R (Uber London Ltd) v Transport for London  EWCA Civ 1213
The Court of Appeal today held that Transport for London may lawfully require private hire operators to provide a voice contact facility to enable passengers to complain or discuss bookings. It allowed TfL's appeal against the decision of Mr Justice Mitting at first instance (R (Uber London Ltd) v Transport for London EWHC 435 (Admin)), which had held that a voice contact requirement was a disproportionate interference with Uber London Limited's ("ULL") freedom of establishment under EU law.
London taxis and "private hire vehicles" (or minicabs) are regulated under different regimes. Unlike taxis, private hire vehicles must take bookings through an "operator" in London and cannot be hailed on the street. In 2016, after an extensive consultation, TfL imposed a requirement on private hire operators to provide a voice contact facility. The requirement is that a person for whom a booking had been made is, during the operator's house of business and during journeys, able to speak to a person at the operator to make a complaint or otherwise discuss the carrying out of the booking. No similar requirement exists for taxis.
Mr Justice Mitting held at first instance that a requirement to provide while a voice contact facility in "emergency" situations "broadly defined" could be justified by public safety and passenger convenience benefits. He held, however, that in its full breadth, including for example its application to lost property enquiries, the voice contact requirement was unlawful. He held that an emergency requirement was a less burdensome means of achieving TfL's objectives.
The Court of Appeal overturned Mr Justice Mitting's decision.
The Court of Appeal held that Mr Justice Mitting was wrong to rely on the distinction between an emergency requirement and the voice contact facility, which was not raised in the consultation or suggested as a less burdensome alternative by ULL. It accepted TfL's evidence introduced on the appeal that an emergency requirement would not be practicable, would not achieve the same benefits, and would not necessarily be less burdensome. The Court of Appeal also held that, because the emergency requirement would not achieve the same benefits as the voice contact requirement (speed of response and customer comfort outside emergency situations), it was not a less burdensome alternative. It rejected ULL's arguments that the benefits outside of emergency situations were negligible.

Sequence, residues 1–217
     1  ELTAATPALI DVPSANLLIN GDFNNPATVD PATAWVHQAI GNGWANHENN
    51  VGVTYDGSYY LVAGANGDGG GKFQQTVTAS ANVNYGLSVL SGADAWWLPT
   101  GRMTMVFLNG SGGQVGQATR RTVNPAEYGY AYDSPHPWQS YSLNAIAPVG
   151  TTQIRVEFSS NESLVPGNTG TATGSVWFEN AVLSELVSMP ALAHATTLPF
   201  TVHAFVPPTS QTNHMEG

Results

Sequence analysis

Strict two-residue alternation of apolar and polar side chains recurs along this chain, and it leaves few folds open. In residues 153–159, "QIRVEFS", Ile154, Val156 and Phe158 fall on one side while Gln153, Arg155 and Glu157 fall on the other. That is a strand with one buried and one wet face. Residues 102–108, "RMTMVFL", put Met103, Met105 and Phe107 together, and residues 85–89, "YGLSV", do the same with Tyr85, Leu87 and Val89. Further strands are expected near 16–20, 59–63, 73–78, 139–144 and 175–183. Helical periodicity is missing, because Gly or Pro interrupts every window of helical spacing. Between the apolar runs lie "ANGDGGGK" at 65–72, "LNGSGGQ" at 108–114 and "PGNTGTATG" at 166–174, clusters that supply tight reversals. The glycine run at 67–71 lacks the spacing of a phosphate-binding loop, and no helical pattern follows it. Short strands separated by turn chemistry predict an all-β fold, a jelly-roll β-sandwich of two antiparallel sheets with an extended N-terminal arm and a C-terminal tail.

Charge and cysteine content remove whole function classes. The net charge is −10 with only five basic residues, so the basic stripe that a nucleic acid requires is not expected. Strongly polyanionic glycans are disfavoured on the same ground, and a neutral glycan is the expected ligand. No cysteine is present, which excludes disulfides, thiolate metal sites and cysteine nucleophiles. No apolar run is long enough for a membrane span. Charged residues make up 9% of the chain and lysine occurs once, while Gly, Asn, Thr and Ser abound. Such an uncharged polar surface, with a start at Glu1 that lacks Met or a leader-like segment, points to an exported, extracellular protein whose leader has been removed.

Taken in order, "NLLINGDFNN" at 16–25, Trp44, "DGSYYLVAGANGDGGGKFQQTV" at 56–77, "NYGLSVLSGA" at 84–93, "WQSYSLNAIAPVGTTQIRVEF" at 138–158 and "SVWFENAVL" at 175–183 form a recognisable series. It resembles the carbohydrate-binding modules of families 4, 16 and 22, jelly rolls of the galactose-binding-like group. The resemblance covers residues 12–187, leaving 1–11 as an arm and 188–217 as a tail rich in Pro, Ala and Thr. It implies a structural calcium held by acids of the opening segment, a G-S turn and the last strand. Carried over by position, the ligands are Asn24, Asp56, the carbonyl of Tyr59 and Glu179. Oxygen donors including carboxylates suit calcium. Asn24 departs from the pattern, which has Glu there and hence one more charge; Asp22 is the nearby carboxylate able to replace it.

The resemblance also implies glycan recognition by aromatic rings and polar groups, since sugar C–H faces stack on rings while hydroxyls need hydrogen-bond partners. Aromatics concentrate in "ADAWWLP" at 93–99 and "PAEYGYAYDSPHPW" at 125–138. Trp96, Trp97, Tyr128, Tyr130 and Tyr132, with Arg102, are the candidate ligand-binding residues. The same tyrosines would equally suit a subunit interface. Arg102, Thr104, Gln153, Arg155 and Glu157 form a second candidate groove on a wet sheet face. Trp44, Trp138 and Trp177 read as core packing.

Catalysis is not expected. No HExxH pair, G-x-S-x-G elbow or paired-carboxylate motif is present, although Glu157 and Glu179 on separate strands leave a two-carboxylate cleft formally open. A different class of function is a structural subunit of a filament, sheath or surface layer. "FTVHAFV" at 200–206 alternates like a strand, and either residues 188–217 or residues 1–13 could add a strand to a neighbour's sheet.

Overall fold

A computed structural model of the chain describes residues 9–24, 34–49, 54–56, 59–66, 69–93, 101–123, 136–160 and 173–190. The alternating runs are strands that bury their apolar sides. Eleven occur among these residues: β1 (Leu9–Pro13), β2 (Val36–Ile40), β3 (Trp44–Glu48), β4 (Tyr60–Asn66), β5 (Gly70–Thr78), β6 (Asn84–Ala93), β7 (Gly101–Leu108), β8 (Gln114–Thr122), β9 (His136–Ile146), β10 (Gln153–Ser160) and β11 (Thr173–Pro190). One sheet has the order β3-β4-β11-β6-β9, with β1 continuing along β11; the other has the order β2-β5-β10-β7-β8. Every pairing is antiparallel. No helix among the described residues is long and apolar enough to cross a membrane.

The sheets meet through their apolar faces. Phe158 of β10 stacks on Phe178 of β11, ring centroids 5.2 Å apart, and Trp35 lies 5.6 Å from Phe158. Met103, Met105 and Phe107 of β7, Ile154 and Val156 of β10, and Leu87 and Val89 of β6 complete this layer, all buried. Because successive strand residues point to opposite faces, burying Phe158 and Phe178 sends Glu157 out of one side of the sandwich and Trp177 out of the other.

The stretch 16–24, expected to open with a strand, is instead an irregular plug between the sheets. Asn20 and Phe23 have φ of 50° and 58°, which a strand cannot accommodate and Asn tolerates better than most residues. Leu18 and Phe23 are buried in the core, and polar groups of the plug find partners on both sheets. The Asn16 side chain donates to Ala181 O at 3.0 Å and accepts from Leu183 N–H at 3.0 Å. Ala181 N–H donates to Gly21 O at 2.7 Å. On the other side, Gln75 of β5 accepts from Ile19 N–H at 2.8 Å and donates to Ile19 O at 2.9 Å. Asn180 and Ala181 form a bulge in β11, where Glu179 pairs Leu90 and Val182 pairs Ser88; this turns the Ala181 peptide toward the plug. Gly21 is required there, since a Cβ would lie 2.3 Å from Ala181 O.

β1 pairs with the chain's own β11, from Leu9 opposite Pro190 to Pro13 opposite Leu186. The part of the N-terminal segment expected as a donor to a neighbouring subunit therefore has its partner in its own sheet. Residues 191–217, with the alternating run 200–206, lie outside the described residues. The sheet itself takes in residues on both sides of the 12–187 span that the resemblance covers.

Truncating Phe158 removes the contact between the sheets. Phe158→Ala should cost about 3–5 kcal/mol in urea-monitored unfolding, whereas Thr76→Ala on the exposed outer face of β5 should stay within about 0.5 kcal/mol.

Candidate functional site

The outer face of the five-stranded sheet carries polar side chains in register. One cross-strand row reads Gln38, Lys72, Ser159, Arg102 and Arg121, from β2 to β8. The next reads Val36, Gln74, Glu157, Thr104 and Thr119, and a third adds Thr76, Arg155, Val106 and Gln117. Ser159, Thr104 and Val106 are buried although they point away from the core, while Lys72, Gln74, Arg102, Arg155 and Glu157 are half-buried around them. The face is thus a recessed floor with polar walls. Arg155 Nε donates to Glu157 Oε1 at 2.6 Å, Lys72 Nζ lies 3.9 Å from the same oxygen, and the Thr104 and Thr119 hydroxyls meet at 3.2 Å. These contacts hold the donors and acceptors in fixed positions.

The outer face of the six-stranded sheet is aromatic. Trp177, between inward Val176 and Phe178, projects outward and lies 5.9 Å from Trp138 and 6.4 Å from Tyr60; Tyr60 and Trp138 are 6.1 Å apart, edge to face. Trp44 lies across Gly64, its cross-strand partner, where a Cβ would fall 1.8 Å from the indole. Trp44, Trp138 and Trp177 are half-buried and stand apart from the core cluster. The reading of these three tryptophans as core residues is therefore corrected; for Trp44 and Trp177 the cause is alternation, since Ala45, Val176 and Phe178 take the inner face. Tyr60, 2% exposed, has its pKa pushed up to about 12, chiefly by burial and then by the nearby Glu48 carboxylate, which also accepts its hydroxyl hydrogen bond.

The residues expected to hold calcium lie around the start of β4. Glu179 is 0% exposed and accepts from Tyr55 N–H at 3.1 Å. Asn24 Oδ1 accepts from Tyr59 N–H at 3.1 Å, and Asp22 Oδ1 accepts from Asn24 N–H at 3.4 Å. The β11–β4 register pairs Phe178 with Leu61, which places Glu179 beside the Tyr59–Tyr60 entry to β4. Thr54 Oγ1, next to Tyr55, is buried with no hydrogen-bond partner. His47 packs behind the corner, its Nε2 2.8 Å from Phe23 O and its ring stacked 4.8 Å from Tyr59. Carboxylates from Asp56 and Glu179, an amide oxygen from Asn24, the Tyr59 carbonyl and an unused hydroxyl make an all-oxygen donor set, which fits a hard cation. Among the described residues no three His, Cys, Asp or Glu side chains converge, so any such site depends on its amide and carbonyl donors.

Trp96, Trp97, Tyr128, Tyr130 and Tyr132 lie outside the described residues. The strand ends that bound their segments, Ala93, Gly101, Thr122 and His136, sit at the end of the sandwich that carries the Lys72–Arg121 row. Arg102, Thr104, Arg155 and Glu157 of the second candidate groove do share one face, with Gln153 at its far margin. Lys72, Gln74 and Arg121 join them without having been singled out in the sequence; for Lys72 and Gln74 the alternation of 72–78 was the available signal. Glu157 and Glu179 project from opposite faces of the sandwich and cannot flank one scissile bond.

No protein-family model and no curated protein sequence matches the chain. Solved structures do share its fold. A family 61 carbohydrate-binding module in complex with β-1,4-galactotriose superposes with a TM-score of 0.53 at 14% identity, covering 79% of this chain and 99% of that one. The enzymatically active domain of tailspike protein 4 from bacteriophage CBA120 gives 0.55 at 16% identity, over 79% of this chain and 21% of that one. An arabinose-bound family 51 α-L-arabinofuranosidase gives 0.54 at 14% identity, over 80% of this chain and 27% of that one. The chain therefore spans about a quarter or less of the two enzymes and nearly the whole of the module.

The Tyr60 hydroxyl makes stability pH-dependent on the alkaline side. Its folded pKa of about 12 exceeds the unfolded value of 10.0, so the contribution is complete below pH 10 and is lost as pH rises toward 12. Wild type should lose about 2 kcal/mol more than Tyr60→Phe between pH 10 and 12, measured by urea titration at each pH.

The Court of Appeal also rejected ULL's argument that, because the voice contact requirement was not imposed on taxis, it was disproportionate. It held that taxis and private hire vehicles were not relevantly in comparable positions. The Court of Appeal also held that, although justifications for the requirement had evolved from the consultation, their substance was considered during the consultations. Accordingly, the Court did not accord them less weight as ex post reasoning.
The Court therefore allowed TfL's appeal and held that the requirement for a voice contact facility was lawful.
The judgment appears here.
Martin Chamberlain QC, Tim Johnston and David Heaton acted for TfL, on appeal and at first instance.